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The perspective of social investment became more attractive during the latest economic crisis, in the context of ageing society. Social investment is related to the role of public spending and benefits for a society. The aim of this research is to evaluate Baltic social security systems from the social investment perspective during life course.  The research is based on the analysis of theoretical discourse on social investment. As defined by Nolan (2013) social investment is directed towards active rather than passive policies. According to Vandenbroucke and Vleminckx (2011) investment and protection strategies constitute indispensable twin pillars of the new welfare state. In his discussion about the analytical framework of social investment Nolan (2013) emphasized that it is not easy to separate spending and investments. According to Pintelon et al. (2013) the new welfare state puts more emphasis on reciprocity of rights and duties. The individual responsibility is in determining the role of social policy. On the other hand social investment paradigm accentuates equal opportunities and upward social mobility. The synergy between social and economic policies was emphasized by Peng (2014) as the basis for the  more skilled and productive workforce, and thus positive economic growth. Vo, Christie and Rohanna (2016) defined that evaluation of the financial impact of social investment is promoting social change.

 

Social policy measures during the life cycle are treated as social investments (Kvist 2014) in this research. These measures generate returns during the period of benefit receipt. According to Kvist (2014) social investment can reduce socioeconomic cost when person is facing social risk. Previous research suggests, that the vertical  redistribution within the social security systems is about a third lower than it is traditionally estimated (pvz. Bartels 2011 (Germany), Brewer et al. 2012 (UK), Nellissen 1998 (Netherland), Harding 1993 (Australia)).

 

The methodology of this research is based on the Olivia framework, which allows analyzing social policy means from a life-course perspective (Hicks 2007; 2008). In this research we adopted three life course trajectories: family formation, formal learning and employment. Family formation trajectory: living with parents, living alone or with children, living in a couple, birth of a child, living in institutions. The formal learning trajectory: preschool, full time school, college, active labour market programme, vacational training. Employment trajectory: part-time employment, full-time employment, unemployment, retirement.

Social investments were measured by the social policy means, which were evaluated using an administrative data from MISSOC, ISSA, EC and other databases. The outcomes of social investment were measured by using secondary analysis of Eurostat, OECD, World Bank data, etc. The outcomes at the macro level were evaluated as public spending on the old and new welfare state policies as it was defined by Vandenbroucke and Vleminckx (2011). The outcomes at the micro level were evaluated as group level indicators of poverty and income inequality. The data are presented in a comparative perspective among the other EU countries.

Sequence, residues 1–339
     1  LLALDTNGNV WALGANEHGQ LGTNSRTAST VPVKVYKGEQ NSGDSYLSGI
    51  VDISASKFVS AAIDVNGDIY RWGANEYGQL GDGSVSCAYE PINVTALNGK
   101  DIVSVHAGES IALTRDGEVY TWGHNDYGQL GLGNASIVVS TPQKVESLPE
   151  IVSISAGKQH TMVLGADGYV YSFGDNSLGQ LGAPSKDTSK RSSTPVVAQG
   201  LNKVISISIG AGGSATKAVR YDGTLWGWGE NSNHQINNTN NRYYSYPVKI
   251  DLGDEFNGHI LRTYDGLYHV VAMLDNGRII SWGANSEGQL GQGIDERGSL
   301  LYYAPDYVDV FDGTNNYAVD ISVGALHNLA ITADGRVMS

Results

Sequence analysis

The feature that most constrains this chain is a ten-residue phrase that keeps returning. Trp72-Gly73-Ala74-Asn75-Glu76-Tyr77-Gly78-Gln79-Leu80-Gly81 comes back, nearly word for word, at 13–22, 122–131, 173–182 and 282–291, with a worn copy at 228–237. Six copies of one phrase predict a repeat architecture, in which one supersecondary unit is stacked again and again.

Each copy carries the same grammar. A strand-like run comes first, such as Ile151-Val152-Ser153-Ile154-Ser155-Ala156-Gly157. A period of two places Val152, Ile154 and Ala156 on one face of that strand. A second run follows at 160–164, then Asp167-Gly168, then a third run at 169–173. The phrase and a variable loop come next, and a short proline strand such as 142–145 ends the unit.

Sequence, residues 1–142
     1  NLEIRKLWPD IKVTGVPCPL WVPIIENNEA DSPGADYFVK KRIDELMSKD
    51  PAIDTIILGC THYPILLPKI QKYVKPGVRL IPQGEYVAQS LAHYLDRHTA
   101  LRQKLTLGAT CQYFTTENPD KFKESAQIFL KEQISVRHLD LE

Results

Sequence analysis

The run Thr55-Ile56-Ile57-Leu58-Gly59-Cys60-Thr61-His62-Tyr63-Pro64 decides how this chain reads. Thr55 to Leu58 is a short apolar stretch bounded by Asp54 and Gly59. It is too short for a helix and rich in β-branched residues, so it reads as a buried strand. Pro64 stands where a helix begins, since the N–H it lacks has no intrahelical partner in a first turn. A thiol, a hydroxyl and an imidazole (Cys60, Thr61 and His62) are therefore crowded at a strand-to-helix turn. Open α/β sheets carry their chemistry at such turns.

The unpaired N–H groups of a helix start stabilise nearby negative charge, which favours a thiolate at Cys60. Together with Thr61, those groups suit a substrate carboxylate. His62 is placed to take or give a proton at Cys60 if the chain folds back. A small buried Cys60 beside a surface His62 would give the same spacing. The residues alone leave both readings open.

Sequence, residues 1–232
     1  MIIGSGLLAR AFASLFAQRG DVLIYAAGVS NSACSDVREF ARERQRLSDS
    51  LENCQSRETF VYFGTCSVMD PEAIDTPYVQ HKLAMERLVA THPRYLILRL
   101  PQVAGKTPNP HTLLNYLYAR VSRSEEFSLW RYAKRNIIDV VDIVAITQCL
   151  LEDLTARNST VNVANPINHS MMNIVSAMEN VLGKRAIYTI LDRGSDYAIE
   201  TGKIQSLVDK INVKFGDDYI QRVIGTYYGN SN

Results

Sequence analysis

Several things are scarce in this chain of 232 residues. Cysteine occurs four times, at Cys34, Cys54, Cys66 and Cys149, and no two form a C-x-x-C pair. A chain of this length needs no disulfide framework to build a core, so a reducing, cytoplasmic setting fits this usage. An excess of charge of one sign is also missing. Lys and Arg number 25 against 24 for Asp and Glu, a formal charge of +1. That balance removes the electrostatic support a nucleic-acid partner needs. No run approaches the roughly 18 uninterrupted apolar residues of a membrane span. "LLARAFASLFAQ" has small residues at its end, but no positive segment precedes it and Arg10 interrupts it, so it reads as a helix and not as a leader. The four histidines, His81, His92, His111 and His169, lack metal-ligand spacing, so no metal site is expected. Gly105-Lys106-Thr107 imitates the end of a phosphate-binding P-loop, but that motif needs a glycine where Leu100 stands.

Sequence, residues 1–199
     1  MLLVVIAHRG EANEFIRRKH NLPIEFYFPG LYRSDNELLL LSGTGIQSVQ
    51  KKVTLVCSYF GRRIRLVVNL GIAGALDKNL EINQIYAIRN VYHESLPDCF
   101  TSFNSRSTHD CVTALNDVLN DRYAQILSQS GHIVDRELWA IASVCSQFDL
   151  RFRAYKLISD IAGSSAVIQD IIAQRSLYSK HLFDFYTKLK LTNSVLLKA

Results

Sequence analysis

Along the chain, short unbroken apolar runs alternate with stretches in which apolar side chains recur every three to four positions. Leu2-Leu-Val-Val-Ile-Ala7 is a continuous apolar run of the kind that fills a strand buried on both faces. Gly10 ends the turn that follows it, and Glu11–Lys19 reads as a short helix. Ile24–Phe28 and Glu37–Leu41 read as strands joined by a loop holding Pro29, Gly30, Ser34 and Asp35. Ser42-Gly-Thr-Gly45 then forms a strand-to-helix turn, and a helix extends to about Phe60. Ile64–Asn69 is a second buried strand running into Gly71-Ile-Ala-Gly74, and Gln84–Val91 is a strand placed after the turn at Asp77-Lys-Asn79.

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Ethnic and religious divide in France and Europe. Effects of students’ diversity at School.

Sebastian ROCHE - sebastian.roche@sciencespo-grenoble.fr - CNRS - Institute of Political Science - University of Grenoble-Alpes - France

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Ethnic and religious divide in France and Europe. Effects of students’ diversity at School.

 

Social integration processes were devised of by historic European sociologists (such as Emile Durkheim) as the mechanisms through which a society holds together, populations are made into a community. A group identification can be a factor for strengthening a sense of belonging, but also a sense of separation from other social groups. In the context of a religious revival especially for minority religions in Europe, this question has a new salience since it is among the most secular regions or the world, and in particular for continental European nations which have emphasized ethnic (and linguistic) homogeneity. Religious and ethnic divides have become acknowledged publicly by political leaders and it has become a critical political stake.

 

Based on a comparative and representative surveys of adolescents, the segregation effects at junior high school level will be scrutinized. The UPYC project (Understanding and Preventing Youth Crime) is a consortium of researchers, and the original data produced allows to tackle the issue of cohesion by taking into account individual level variables (ethnic group, religious belonging, and others) and structural ones (the level of diversity at school). A traditional mission that is assigned to schools is to create a common feeling of citizenship. However, in cities/countries where the ethnic and religious division is strong at school, couldn’t it be the case the school cannot have such an integrative function into larger society?

 

The presentation will focus on how the combination of the two types of variables (individual and school level ones) explains how adolescents feel about school (level of adherence to school community, trust in school) and also their perception of being part of a nation, assessing the authorities as legitimate, rejection of other social groups. I will offer international comparison on school composition among selected EU countries, and tentative explanations in relation to national policies regarding social mixing.